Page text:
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SRV6HighlandA new public safety building in Highland will house police, fire and EMS. The project could begin as early as Spring 2019 and will cost an estimated $7M.    In 2012, the city of Highland conducted a study regarding the need for a new public safety building. Initial drafts came up extremely over-budget and the project was tabled for years. Now, after passing a sales tax to fund the building and consulting with local firm Loyet Architects, the ball is once again rolling.
    Schematics and architectural renderings were presented at a recent city council meeting by Loyet representatives and Highland’s new Chief of Police Chris Conrad. According to Conrad, the new public safety headquarters will house Highland police, EMS and firefighters, which currently operate out of several different buildings. The approximately 30,000 square-foot construction, to be located on Troxler Avenue near the hospital, will cost an estimated $7 million. The project also includes updates to the fire department building at 1122 Broadway.
    “Our current facilities are aging,” said Conrad. “Neither of the buildings are ADA compliant. We need proper doorway widths, automated doors, public restrooms, public access to the basement. We don’t have an enclosed sally port, which is where you bring prisoners in … We have roof leaks, mold, all the stuff that comes with 35- to 40-year-old buildings.”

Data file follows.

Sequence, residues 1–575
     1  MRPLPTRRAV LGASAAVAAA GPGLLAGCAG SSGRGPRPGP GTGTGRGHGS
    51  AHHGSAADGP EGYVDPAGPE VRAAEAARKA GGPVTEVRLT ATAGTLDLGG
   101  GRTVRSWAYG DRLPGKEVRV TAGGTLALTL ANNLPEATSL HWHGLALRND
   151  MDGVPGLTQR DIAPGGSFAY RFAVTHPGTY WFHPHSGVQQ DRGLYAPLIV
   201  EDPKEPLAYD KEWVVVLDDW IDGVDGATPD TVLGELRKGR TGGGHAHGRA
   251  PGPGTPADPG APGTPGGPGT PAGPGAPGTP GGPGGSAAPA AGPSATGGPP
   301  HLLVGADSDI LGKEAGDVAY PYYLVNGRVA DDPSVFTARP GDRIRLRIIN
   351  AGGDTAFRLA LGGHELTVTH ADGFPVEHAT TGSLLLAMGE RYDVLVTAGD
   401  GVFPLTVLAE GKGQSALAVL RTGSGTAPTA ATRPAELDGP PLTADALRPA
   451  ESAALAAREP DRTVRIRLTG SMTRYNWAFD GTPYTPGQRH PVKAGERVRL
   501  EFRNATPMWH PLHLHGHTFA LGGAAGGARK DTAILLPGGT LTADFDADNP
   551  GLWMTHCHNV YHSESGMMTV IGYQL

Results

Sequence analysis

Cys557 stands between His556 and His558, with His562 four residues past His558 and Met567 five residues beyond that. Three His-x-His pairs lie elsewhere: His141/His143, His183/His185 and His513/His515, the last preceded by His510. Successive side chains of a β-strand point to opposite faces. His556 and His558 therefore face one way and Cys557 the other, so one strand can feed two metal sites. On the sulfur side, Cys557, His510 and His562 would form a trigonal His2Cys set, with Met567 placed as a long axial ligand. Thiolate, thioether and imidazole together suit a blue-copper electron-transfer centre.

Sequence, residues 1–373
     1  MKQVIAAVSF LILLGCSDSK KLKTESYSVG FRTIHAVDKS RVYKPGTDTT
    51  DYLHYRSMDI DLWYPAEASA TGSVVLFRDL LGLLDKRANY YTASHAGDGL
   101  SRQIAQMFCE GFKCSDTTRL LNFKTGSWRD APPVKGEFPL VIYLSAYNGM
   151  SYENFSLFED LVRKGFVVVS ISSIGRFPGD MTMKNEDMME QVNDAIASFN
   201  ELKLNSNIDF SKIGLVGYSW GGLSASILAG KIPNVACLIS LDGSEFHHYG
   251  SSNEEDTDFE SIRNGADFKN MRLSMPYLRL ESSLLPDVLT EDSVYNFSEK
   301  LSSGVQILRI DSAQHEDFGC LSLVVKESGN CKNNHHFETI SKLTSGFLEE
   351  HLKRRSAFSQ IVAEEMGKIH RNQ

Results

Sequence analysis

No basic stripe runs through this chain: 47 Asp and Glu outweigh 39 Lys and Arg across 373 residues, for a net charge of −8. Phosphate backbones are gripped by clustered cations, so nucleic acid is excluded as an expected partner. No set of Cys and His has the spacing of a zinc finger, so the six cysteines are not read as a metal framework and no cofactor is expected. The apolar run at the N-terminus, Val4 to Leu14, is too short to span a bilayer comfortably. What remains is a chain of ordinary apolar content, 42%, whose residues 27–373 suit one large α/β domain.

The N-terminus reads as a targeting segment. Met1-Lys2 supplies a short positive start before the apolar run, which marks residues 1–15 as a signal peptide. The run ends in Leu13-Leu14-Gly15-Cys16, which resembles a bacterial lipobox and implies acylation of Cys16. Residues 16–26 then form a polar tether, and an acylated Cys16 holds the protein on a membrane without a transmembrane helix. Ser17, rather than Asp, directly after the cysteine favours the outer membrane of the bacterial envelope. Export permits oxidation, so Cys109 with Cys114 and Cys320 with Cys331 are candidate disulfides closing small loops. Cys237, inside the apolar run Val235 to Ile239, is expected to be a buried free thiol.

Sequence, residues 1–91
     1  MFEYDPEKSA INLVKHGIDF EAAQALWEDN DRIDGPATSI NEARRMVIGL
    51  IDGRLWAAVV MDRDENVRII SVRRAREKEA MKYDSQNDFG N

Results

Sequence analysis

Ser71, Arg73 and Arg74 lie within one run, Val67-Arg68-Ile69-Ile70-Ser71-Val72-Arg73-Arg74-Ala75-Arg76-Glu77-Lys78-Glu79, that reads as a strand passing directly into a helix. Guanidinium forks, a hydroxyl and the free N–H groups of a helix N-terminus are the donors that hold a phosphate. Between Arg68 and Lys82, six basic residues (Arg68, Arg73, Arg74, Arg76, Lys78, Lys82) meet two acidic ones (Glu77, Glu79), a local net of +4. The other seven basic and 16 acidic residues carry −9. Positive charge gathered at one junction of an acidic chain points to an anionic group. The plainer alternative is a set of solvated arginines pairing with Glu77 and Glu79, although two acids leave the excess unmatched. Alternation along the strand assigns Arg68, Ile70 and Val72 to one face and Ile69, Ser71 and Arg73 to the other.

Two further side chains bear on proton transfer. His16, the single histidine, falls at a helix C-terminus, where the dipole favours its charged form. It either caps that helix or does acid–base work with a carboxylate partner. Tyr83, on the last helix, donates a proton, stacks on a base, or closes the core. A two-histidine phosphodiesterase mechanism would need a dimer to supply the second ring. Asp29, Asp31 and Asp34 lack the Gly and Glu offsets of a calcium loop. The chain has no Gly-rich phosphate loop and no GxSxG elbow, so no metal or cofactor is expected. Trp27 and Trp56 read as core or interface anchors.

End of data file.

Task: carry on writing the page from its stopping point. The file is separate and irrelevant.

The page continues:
The new safety headquarters will house the Highland police department and the EMS administrative offices, as well as some full-time EMS workers and some fire department resources, although the Broadway fire station will continue to operate in order to maintain a presence in the south side of town.

    bookThe cover of former Carlyle resident Eileen Bone’s new book."If God gives you a gift, you have got to use it," said artist Eileen Bone, a former Carlyle resident.
    What does Bone say her gift is? Painting, of course. But, she also credits her "gift of gab," among other talents.
    Former Carlyle resident Eileen Bone is excited to show her artwork through her new book, "Carlyle, Illinois: Through the Eyes of an Artist."
    Bone, 78, and a resident of Wright City, Missouri for over 15 years, is promoting her new book which celebrates the rich history of Carlyle through pictures of paintings that she created.
    It was in May when Bone had her first art show at Case-Halstead Public Library in Carlyle and Bone was amazed at the people who attended to see photos of her paintings, artwork and other projects.
    "I remember thinking, 'if 50 people came to my show, I would be amazed,'" she said. She was absolutely floored that the attendance was six times that amount, or 300 people. 
    She said she had over 160 paintings of Carlyle, captured through historical sites, buildings or other destinations, and she had photos of the paintings displayed on foamboard at the show.
    It was then when she was approached about creating a book of all of her artworks from Carlyle.

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